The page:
8. Complaints: There must be an effective system in place for handling and responding to complaints
    9. Good governance: Providers must have plans in place to meet these standards, with effective governance and systems to monitor the quality and safety of care1.
    10. Staffing: There must be enough suitably qualified, competent, and experienced staff to meet these standards
    11. Fit and proper staff: Providers must only employ individuals who can provide care and treatment appropriate to their role

    How does CQC inspect and monitor services?

    The Single Assessment Framework is CQC’s new inspection regime which was implemented in November 2023. The framework is built around 5 key questions that CQC asks of all health and social care services:

    1. Are they safe?
    2. Are they effective?
    3. Are they caring?
    4. Are they responsive to people’s needs?
    5. Are they well-led?

    These questions are answered through “quality statements”, which replace the previous lines of enquiry. Quality statements are expressed as ‘We’ statements, showing what is needed from the service provider’s perspective. The framework also includes ‘I’ statements from the perspective of people using the services, reflecting their experiences and expectations.

    CQC assessors collect and evaluate evidence to determine if the service meets the regulations and quality statements set out in the framework.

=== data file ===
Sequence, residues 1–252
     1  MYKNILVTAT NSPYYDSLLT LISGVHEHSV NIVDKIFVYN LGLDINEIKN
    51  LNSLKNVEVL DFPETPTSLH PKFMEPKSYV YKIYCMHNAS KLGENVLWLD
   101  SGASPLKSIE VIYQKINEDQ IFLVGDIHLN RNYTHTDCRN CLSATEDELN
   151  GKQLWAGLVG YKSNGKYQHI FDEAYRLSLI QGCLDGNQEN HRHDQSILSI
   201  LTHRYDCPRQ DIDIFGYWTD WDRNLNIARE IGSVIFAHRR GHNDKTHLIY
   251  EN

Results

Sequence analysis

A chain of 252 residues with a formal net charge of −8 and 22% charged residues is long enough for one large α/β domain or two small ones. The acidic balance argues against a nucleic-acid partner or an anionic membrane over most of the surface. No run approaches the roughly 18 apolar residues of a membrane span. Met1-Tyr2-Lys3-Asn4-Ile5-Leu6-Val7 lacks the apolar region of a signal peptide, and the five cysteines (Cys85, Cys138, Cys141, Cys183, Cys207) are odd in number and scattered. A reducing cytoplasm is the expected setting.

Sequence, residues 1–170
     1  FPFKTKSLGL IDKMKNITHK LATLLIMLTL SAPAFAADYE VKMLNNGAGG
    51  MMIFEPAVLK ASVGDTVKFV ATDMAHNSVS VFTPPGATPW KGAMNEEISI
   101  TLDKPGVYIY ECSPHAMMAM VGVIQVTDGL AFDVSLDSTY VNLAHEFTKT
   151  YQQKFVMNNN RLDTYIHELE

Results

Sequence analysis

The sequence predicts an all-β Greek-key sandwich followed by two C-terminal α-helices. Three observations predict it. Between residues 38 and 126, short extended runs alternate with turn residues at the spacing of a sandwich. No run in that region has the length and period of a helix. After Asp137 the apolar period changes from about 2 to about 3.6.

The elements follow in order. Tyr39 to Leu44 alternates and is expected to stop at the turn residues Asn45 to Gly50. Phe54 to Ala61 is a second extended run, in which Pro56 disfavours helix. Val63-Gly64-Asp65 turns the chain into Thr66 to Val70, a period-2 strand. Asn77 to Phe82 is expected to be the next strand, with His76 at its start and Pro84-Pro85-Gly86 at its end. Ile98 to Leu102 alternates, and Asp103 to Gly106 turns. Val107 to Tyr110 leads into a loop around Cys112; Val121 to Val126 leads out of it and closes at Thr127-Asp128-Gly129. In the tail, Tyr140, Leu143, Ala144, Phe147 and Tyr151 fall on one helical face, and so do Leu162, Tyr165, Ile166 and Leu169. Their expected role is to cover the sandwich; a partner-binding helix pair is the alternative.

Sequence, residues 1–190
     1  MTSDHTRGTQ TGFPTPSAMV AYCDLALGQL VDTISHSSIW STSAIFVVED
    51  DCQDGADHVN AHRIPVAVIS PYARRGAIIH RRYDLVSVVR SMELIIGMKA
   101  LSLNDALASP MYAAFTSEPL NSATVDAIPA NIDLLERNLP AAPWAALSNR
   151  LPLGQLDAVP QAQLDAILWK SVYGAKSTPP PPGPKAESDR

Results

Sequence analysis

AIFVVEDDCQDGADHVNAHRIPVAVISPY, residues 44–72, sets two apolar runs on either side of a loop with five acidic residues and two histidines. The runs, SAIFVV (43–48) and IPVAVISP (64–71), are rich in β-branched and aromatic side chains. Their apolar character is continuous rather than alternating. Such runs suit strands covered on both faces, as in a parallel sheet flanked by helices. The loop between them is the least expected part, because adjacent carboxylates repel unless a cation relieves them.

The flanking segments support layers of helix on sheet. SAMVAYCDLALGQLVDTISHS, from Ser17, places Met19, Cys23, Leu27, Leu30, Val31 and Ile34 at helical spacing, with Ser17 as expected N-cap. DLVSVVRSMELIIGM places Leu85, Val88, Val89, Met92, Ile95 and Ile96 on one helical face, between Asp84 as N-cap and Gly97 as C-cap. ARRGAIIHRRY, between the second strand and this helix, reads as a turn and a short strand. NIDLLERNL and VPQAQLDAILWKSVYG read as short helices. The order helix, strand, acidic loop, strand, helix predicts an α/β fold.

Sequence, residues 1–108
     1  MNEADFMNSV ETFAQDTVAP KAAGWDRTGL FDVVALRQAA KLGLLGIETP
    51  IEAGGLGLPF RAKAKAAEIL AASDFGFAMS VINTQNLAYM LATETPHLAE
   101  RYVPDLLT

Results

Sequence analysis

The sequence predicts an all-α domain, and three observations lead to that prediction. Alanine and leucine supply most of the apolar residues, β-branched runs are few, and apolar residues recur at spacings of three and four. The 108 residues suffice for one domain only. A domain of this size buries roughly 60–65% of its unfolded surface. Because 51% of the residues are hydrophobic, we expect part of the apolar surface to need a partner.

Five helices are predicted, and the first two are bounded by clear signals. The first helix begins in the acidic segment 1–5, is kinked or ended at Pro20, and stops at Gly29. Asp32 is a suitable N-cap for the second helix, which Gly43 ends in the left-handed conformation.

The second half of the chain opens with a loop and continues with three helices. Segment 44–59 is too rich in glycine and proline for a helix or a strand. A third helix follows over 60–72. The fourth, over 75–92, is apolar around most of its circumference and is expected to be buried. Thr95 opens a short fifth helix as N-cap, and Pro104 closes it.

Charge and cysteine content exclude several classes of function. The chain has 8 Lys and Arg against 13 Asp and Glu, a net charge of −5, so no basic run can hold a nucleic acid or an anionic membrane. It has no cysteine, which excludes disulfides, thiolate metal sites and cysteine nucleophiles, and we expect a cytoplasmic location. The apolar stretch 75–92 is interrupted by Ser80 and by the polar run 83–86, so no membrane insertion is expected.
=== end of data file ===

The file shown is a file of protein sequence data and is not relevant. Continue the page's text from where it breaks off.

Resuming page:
What are the evidence categories?

    There are six evidence categories:

    • people’s experience of health and care services
    • feedback from staff and leaders
    • feedback from partners
    • observation
    • processes
    • outcomes

    The number of evidence categories considered, and the sources of evidence required depend on:

    • the type or model of service
    • the level of assessment (service, provider, local authority or ICB)
    • whether you’re an existing service or registering a new service

    How can providers prepare for an inspection?

    Providers can prepare for a CQC inspection under the single assessment framework by taking the following steps:

    • Understand the Framework: Familiarise yourself with the new single assessment framework, including the quality statements and evidence categories.